As an openly gay African-American candidate running for the mayoral seat in Clarkdale, Miss., McMillian was quietly signaling that neither his race nor his sexual orientation would abort his aspirations. On McMillian’s personal Facebook page there is a photo of him posing with President Obama. His campaign motto, Moving Clarksdale forward,” was a challenge to the town as well as the state. If there is any place to challenge the intolerant conventions of Mississippi, Clarksdale, the Delta’s gem, known as “a place where openness and hospitality transcend all barriers and visitors are embraced as family” and the birthplace of blues music, is that place.
ANNA WAUGH | Dallas Voice | March 22, 2103
BIRTHDAY BASH | Fort Worth Councilman Joel Burns speaks during his Birthday Celebration and Campaign Kick-off in February. The event raised $82,000 for his campaign coffers. (Courtesy of Ralph Lauer)
FORT WORTH — Municipal elections aren’t until May 11, but openly gay City Councilman Joel Burns has already won his District 9 race.
Burns, 44, had an opponent, real estate broker Graham Brizendine, who withdrew his candidacy before they drew for placements on the ballot. The city secretary declared Burns the winner and canceled the election in his district since Mayor Betsy Price is also unopposed. The council adopted an ordinance this week declaring Burns and other unopposed members the winners.
Burns, who was first elected in 2007 to complete the remainder of Wendy Davis’ term in District 9, ran unopposed in 2009 and 2011.
MICHAEL M. GRYNBAUM | New York Times | March 10, 2013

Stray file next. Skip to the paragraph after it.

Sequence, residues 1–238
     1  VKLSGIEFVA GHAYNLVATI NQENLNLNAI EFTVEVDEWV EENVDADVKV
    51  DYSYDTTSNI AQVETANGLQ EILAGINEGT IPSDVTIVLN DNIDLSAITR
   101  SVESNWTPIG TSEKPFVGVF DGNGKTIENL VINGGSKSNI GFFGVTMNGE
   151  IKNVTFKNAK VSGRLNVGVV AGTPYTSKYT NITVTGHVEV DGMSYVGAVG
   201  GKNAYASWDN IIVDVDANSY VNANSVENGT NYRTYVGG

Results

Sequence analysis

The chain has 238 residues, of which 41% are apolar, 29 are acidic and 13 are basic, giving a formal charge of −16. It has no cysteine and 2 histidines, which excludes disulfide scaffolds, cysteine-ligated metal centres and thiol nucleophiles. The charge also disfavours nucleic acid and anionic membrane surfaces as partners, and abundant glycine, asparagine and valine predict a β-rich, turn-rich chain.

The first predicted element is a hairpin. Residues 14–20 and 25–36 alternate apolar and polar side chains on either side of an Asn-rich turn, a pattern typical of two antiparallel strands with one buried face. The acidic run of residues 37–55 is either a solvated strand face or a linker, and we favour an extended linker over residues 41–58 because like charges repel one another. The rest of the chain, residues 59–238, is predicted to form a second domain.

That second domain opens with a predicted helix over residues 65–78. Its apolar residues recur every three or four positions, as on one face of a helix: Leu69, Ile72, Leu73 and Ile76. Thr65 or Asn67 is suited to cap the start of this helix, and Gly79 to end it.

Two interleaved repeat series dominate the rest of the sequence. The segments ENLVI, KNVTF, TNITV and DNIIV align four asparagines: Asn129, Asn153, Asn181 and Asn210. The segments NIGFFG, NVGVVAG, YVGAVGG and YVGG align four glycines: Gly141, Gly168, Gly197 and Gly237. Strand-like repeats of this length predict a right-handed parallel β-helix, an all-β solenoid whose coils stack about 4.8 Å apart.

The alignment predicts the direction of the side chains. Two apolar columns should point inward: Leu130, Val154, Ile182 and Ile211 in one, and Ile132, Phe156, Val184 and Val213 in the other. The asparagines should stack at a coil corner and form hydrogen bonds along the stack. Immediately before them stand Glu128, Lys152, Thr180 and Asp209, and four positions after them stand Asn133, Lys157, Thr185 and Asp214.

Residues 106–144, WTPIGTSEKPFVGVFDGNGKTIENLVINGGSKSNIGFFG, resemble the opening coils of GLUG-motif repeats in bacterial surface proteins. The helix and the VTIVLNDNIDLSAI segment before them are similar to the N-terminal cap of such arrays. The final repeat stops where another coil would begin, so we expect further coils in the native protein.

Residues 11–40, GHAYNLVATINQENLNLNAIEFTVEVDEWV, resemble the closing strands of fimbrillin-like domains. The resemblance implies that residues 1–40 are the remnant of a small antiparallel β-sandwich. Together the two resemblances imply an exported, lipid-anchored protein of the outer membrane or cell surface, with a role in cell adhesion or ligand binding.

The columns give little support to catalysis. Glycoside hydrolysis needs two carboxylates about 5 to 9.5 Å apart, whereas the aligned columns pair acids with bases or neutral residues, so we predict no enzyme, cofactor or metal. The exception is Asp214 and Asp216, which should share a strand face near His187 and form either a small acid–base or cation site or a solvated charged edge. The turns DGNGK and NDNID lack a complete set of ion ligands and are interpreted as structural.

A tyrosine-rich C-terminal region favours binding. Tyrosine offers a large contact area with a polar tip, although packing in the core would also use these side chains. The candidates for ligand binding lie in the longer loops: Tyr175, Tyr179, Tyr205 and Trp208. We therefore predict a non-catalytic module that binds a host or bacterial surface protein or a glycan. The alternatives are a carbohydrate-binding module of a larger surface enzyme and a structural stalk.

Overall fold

When the bus driver in the Bronx called out her name, Christine C. Quinn did not hesitate. The City Council speaker — and, as of Sunday, official candidate for mayor — bounded up the vehicle’s steps and gave him a warm handshake as passengers, unbothered by the delay, began to applaud.
“She’s got my vote,” the driver, William Adams, said as he started to ease his Bx5 bus back into traffic. “And everybody that gets on my bus.”
It was a scene nearly unimaginable in this buttoned-up era of City Hall: Mayor Michael R. Bloomberg, after all, is not known for greeting New Yorkers with an enthusiastic public display of affection.
Alex Kane | AlterNet | March 5, 2013
The openly gay mayoral candidate from Clarksdale, Mississippi who was found dead last week was burned and beaten, according to his family.
The Associated Press reports that candidate Marco McMillian’s family received the information from the county coroner. McMillian’s godfather, Carter Womack, told the AP that “the coroner told family members that someone dragged McMillian’s body under a fence and left it near a Mississippi River levee last week.”
“We feel that this was not a random act of violence based on the condition of the body when it was found,” McMillian’s campaign said in a statement.
McMillian’s death received national attention because his campaign said he was the first openly gay candidate for public office in the state. As AlterNet’s Steven Hsieh noted, “reports characterize McMillan as a rising star with an already impressive record. The candidate served for four years as International Executive Director for the historically black Phi Beta Sigma Fraternity. A statement released by the fraternity notes that McMillan ‘was responsible for securing the first federal contract to raise the awareness of the adverse impact of HIV/AIDS on communities of color.’”